In recent weeks I have picked up an unfinished project that has been waiting for me to return for more years than I even want to say. Perhaps you have some of those as well. I have had a growing desire to handle unfinished projects and restart the process of trying to complete this one.
Both of my parents died in 1995 just three months apart. To say it was a challenging year would be an understatement due to many other things related to that including my need to care for a younger adult brother with mental, emotional, and physical handicaps while handling care of my parents, visiting hospitals, and more.
It was my task to sort through the pieces of their lives left behind and dispose of their possessions and home while working full-time, caring for my brother, and handling roles of wife and mother (among others). The task I could not begin then was sorting all the photographs my parents had accumulated after nearly 56 years of marriage. I filled assorted boxes and bags with them and brought them home with a plan to handle that task “later.” I knew the volume of photos would make that difficult, but additionally many of the photos were not dated or marked to identify who was in the photo. (Some of you have been there and had similar tasks.)
The containers of photos were piled and stacked under a long narrow table behind the couch in our family room. I had no other place to put them and they were largely out of the way and out of my sight, but I knew I needed to sort through all of them.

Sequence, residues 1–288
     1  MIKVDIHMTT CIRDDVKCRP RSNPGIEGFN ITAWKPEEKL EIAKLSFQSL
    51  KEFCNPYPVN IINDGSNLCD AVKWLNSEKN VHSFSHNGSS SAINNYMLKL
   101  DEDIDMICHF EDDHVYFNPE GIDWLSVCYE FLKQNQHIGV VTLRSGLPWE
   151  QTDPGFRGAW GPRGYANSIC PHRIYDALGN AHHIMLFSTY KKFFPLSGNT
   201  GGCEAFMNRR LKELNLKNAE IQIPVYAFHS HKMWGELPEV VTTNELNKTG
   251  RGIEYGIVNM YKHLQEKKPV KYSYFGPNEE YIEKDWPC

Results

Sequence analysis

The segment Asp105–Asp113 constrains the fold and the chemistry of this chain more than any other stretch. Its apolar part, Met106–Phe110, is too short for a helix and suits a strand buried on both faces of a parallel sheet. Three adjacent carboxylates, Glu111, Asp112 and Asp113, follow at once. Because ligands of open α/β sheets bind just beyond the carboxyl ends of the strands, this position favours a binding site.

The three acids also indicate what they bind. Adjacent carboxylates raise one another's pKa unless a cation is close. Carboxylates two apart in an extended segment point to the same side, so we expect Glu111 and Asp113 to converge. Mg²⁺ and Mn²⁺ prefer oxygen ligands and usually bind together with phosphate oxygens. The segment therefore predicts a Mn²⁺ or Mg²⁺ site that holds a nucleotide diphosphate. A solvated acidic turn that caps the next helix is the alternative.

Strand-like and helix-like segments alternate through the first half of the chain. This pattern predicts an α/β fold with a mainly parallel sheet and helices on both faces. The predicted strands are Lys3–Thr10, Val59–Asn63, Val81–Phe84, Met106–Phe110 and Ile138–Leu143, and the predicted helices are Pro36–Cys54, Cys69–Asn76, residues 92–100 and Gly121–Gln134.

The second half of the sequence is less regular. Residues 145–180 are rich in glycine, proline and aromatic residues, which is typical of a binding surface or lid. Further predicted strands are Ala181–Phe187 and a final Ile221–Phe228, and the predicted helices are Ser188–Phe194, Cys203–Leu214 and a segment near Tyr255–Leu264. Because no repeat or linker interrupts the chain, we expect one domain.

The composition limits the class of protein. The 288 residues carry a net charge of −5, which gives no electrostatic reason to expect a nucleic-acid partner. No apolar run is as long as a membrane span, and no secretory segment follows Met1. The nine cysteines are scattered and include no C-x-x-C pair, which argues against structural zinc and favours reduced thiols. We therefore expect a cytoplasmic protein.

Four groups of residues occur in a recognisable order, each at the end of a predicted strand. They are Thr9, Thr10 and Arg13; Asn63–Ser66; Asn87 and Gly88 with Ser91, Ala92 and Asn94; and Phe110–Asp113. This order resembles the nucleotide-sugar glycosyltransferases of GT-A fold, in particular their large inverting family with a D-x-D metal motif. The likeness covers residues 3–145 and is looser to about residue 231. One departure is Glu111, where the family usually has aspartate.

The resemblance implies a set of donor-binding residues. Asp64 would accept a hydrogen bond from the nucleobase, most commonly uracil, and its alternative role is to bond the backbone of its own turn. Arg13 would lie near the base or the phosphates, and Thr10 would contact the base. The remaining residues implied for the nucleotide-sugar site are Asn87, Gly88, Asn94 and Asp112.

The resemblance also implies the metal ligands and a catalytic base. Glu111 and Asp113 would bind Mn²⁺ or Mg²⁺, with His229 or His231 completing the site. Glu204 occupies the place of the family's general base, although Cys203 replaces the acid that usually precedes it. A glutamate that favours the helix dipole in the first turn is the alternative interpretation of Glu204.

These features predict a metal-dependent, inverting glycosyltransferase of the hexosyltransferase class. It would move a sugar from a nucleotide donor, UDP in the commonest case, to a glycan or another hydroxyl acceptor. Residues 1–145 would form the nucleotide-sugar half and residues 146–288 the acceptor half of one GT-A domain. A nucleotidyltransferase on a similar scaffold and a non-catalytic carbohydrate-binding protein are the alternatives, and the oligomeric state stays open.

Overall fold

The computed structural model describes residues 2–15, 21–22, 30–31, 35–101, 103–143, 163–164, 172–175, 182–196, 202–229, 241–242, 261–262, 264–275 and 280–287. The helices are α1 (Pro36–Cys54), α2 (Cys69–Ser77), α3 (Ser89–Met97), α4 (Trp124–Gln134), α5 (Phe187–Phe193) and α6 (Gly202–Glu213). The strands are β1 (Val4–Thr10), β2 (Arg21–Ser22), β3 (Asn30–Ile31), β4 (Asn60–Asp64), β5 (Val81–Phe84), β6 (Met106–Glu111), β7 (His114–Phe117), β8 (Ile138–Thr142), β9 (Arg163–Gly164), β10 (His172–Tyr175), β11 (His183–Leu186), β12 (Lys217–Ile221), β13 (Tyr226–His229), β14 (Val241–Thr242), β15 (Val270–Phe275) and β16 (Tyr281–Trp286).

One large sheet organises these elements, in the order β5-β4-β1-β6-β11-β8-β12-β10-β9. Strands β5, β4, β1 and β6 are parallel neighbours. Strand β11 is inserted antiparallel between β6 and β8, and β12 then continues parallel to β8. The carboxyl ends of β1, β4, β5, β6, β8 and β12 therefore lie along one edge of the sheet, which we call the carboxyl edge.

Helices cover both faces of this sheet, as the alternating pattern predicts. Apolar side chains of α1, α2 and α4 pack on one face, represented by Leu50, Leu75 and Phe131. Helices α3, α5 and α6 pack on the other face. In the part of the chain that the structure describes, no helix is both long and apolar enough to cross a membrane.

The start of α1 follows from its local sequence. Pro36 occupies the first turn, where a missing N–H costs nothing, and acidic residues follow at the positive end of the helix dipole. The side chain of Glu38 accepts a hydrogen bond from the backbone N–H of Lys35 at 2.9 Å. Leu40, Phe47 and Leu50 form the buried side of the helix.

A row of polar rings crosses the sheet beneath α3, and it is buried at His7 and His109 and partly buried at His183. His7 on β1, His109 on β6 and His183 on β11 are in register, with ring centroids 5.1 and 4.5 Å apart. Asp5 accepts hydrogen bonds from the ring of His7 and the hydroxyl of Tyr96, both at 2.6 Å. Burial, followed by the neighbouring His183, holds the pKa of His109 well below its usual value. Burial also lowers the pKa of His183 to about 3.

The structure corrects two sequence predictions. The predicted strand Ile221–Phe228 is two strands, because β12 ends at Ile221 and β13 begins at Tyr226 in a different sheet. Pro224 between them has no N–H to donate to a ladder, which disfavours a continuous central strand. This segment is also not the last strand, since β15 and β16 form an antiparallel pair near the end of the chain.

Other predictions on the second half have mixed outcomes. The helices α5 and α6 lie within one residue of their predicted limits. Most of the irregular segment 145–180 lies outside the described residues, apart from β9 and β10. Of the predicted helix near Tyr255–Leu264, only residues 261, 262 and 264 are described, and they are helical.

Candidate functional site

Our daughter gave me a special photography album she called a “heritage album” to begin to place the photos and accompanying stories in sometime after that. I was still working full-time, but on several occasions we spent some time scrapbooking together to get started. There was never enough time to make much progress so all the photos and pages I completed would be restacked for another time and place.
When I retired five years ago, this project was one I said I would tackle. Sadly, it felt as overwhelming as it had at the outset and other projects that had been set aside and were easier got handled first. There was a nagging awareness, however, that I needed to return to this album project. For whatever things I didn’t know about the photos, I still knew more than my children or grandchildren about those in the photos and the stories these pictures conveyed.
A few weeks ago I unloaded all the boxes and began to reestablish whatever order I thought I had in mind. Scrapbooking tools and pages as well as all the photos remaining (most of them) got spread over beds in guest bedrooms as well as other assorted places I could find on furniture and the living room floor to try to find some sense in how to order them.
It was one thing to make some semblance of order to the photos, but another to try to determine the stories, the stories of my family that the photos told. My dad died first and he was the one who could have answered all of my questions with his love of dates and history.